The amendments added by the legislation’s opponents, nullified its intent, and Senator Wagner withdrew his bill on July 1, 1939. The Jewish Post reported that antisemitic groups and publications praised Senator Reynolds. The newspaper also reported on Reynold’s founding of the Vindicators Association, which was “an ultra-nationalist, isolationist, nativist, anti-Semitic, and anti-communist” group, according to the North Carolina History Project. The Post reported via correspondent:

Speaking of refugees, Senator Bob Reynolds, of North Carolina, who sees the overthrow of the republic if 20,000 refugee children are allowed to enter this country in the space of two years, has just opened a new headquarters for his organization, The Vindicators, here in Washington. It’s right behind the Supreme Court Building, and cost $20,000.

The New York Times and other national publications also condemned Reynold’s extreme anti-immigration stance and linked him to antisemitic groups. But the senator continued to advocate for isolationism. The Congressional Record reported his 1941 address to the Senate:

I wish to say — and I say it without the slightest hesitation — that if I had my way about it at this hour, I would today build a wall about the United States so high and so secure that not a single alien or foreign refugee from any country upon the face of this earth could possibly scale or ascend it.

USHMM caption: This photograph taken soon after liberation shows young camp survivors from Buchenwald’s “Children’s Block 66″—a special barracks for children. Germany, after April 11, 1945, Federation Nationale des Deportes et Internes Resistants et Patriots, accessed Holocaust Encyclopedia, USHMM.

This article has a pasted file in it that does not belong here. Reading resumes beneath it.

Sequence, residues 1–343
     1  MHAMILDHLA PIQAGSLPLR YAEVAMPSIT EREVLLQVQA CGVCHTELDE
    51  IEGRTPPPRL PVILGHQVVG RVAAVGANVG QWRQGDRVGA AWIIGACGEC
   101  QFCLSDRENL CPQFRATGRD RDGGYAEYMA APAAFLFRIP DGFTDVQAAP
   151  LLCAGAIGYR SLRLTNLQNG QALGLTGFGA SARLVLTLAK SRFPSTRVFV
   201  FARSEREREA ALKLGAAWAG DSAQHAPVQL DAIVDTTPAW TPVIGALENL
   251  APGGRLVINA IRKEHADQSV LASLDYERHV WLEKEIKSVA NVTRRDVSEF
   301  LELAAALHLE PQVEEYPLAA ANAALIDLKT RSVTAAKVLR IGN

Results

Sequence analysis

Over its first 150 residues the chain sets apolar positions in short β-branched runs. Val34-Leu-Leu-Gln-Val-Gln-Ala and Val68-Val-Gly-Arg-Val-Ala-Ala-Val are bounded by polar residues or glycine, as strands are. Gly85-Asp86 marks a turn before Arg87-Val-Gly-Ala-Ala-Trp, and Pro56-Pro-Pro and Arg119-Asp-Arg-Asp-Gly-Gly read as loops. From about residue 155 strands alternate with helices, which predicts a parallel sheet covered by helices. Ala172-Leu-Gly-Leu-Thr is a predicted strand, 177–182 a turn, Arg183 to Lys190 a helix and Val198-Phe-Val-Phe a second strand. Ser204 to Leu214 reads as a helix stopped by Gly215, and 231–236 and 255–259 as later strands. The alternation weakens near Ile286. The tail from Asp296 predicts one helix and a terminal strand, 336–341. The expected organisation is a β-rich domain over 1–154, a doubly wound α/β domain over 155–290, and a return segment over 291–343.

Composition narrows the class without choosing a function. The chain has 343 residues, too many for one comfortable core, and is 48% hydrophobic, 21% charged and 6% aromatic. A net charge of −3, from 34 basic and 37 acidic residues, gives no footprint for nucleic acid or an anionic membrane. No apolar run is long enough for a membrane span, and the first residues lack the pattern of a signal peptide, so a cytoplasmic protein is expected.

Private citizens and charitable organizations continued their rescue efforts (and this series will continue to share the stories of such notable Hoosiers.) However, the immigration quotas remained in effect, denying asylum to those fleeing Nazi persecution. As we reflect this International Holocaust Remembrance Day, remember the 1.5 million children who were killed by Germans and collaborators — not as “unwanted aliens” and not as statistics — but as boys, girls, and even infants who deserved a future. And we can’t help but regret that Cohen’s appeal in the Jewish Post to “Save the Children” went unanswered. In it, he concluded:

Tens of thousands of innocent children are now exposed to a life of torture or to a slow painful death . . . America must do its share. Let us open our gates to their outstretched hands.

Learn more about the  History Unfolded project and about issues facing Refugees Today through the United States Holocaust Memorial Museum.

Notes

  1. United States Holocaust Memorial Museum, “Refugees Today,” Holocaust Encyclopedia, https://encyclopedia.ushmm.org/content/en/article/refugees-today.
  2. United States Holocaust Memorial Museum, “Refugees” Holocaust Encyclopedia, https://encyclopedia.ushmm.org/content/en/article/refugees.
  3. Poll: , Fortune, July 1938, reprinted in Ishaan Thardoor, “What Americans Though of Jewish Refugees on the Eve of World War II,” Washington Post, November 17, 2015, accessed https://www.washingtonpost.com/news/worldviews/wp/2015/11/17/what-americans-thought-of-jewish-refugees-on-the-eve-of-world-war-ii/?utm_term=.2a6a6f677323.
  4. United States Holocaust Memorial Museum,” Wagner-Rogers Bill,” Holocaust Encyclopedia, https://encyclopedia.ushmm.org/content/en/article/wagner-rogers-bill.
  5. Richard Breitman, Barbara McDonald Stewart, and Severin Hochberg, eds., Refugees and Rescue: The Diaries and Papers of James G. McDonald, 1935-1945 (Indianapolis and Bloomington: Indiana University Press, Published in Association with the United States Holocaust Memorial Museum, Washington D.C., 2009), 160-161.